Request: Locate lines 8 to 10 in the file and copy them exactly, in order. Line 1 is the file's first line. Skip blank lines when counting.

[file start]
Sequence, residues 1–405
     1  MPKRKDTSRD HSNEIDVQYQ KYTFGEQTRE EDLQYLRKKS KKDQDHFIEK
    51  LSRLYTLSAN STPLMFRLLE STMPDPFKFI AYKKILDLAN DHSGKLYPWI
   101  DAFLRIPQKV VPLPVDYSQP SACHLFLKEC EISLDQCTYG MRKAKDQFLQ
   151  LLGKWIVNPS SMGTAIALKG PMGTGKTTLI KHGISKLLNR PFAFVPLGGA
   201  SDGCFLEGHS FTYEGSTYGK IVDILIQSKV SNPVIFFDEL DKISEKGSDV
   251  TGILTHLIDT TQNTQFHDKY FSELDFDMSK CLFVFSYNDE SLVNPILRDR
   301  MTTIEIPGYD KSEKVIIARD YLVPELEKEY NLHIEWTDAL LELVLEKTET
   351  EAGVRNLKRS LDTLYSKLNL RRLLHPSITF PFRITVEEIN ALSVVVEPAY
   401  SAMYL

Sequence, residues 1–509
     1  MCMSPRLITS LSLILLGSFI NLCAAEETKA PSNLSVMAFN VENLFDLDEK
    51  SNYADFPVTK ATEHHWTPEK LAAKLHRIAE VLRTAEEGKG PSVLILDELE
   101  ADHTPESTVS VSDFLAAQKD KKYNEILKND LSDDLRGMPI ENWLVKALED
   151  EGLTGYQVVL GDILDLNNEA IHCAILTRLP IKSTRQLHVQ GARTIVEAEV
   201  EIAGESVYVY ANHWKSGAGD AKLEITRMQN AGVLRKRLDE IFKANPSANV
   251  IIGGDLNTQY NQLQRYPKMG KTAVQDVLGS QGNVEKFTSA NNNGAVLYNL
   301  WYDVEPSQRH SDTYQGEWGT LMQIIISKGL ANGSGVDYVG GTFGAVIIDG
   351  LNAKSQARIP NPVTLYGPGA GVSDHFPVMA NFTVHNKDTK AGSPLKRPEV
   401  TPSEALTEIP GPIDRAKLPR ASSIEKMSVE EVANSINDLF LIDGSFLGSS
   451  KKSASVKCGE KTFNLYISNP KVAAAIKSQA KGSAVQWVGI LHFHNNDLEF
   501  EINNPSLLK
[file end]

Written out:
   301  MTTIEIPGYD KSEKVIIARD YLVPELEKEY NLHIEWTDAL LELVLEKTET
   351  EAGVRNLKRS LDTLYSKLNL RRLLHPSITF PFRITVEEIN ALSVVVEPAY
   401  SAMYL